Over the past two years, the role of video instruction has steadily expanded in the classroom, especially when teaching current events. Facing school closures and remote learning, many teachers turned to video as a way to keep students engaged. Video is a familiar format for a generation of digital-native students and can serve as a great hook, and sometimes the bulk of instruction, for certain lessons. But finding quality, timely video content can be a challenge. That’s where the Week in Rap comes in.
Teaching Current Events with the Week in Rap
The Week in Rap is a weekly, rapped recap of important headlines and student news used for teaching current events. With a new installment each Friday, the Week in Rap (and Week in Rap Junior for grades 3-5) is not only a way for students to stay clued in to current events, it’s also an opportunity for teachers to spark discussion on important topics and promote literacy across the curriculum. Before we get into all the features Week in Rap has to offer, let’s take a look behind the scenes.
Each week, the Flocab team creates the Week in Rap from scratch for teachers to use when teaching current events. The process begins on Monday morning and ends with a finished song, video, and set of lesson activities on Flocabulary.com every Friday morning.
Here’s what a typical week looks like:
This process happens each week and involves nearly every member of the Flocabulary content team. But how can teachers and students engage with the Week in Rap once it’s published on Flocabulary?
Video Instruction: The Week in Rap Lesson Sequence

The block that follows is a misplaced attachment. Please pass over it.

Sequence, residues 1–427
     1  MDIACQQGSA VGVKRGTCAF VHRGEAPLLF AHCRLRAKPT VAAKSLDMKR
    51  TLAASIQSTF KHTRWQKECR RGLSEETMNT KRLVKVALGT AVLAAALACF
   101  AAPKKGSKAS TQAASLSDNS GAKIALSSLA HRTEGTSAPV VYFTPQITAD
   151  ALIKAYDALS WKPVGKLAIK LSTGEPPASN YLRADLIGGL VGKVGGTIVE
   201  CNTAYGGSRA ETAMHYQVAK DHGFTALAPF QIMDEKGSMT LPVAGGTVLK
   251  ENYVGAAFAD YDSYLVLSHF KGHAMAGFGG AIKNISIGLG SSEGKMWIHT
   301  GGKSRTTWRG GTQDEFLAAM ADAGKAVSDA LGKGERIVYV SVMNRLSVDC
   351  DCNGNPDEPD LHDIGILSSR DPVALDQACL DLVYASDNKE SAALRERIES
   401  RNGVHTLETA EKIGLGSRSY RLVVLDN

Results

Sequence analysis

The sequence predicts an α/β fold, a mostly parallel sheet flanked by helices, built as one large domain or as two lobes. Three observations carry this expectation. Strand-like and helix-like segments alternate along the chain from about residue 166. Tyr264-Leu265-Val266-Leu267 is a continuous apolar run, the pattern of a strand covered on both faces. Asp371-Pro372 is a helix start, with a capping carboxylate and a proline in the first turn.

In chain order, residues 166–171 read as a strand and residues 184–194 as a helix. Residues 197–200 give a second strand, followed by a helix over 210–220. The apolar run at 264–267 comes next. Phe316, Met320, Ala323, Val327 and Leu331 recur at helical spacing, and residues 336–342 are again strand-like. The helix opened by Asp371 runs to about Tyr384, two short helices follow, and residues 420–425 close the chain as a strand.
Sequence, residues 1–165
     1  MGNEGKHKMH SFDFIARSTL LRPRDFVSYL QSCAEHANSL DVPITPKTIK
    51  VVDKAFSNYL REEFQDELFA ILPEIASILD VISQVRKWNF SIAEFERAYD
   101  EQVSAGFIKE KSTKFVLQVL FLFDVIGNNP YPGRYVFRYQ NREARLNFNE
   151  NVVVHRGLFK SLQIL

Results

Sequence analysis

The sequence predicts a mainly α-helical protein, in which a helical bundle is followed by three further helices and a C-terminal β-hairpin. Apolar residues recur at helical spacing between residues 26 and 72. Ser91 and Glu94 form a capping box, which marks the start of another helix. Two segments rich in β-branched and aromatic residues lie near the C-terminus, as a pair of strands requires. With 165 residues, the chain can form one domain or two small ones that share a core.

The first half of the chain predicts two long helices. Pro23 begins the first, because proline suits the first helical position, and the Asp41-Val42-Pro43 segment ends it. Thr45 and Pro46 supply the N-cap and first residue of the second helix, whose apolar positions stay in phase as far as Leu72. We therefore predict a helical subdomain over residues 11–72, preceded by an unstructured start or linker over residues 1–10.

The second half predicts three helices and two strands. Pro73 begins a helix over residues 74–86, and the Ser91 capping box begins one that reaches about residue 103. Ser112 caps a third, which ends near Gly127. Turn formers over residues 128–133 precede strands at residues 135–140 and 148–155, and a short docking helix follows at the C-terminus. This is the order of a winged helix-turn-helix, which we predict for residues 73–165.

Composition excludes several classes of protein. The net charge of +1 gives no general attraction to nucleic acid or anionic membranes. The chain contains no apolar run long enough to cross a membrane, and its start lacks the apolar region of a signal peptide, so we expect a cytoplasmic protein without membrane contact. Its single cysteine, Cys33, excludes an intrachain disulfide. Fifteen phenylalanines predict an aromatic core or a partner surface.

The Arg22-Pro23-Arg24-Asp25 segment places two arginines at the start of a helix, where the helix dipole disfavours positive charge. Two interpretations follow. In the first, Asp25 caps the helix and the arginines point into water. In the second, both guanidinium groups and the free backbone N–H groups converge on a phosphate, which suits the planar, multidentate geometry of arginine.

Just like every other Flocabulary lesson, the Week in Rap includes activities that complement and go beyond video instruction. The first part of the lesson sequence is the video itself. Each Week in Rap video includes 5-7 news stories ranging from world news to science and technology to relatable student news—and everything in between. We strive to strike a balance between major news stories, stories related to academic fields, and fun, exciting, or just plain strange news. Each story is selected with students in mind, and our lyricists aim for clear, unbiased reporting. With the Week in Rap, we’re committed to making use of video instruction to discuss real, relevant news through engaging, academic hip-hop. To enhance video instruction and spark discussion, teachers can turn on Discuss Mode. This feature will pause the video at specific points and pose custom-written discussion questions about select stories. It can be helpful to watch first with Discuss Mode off, and then a second time with it on to ensure students have a chance to take in each story.
Teaching Current Events with Vocab Cards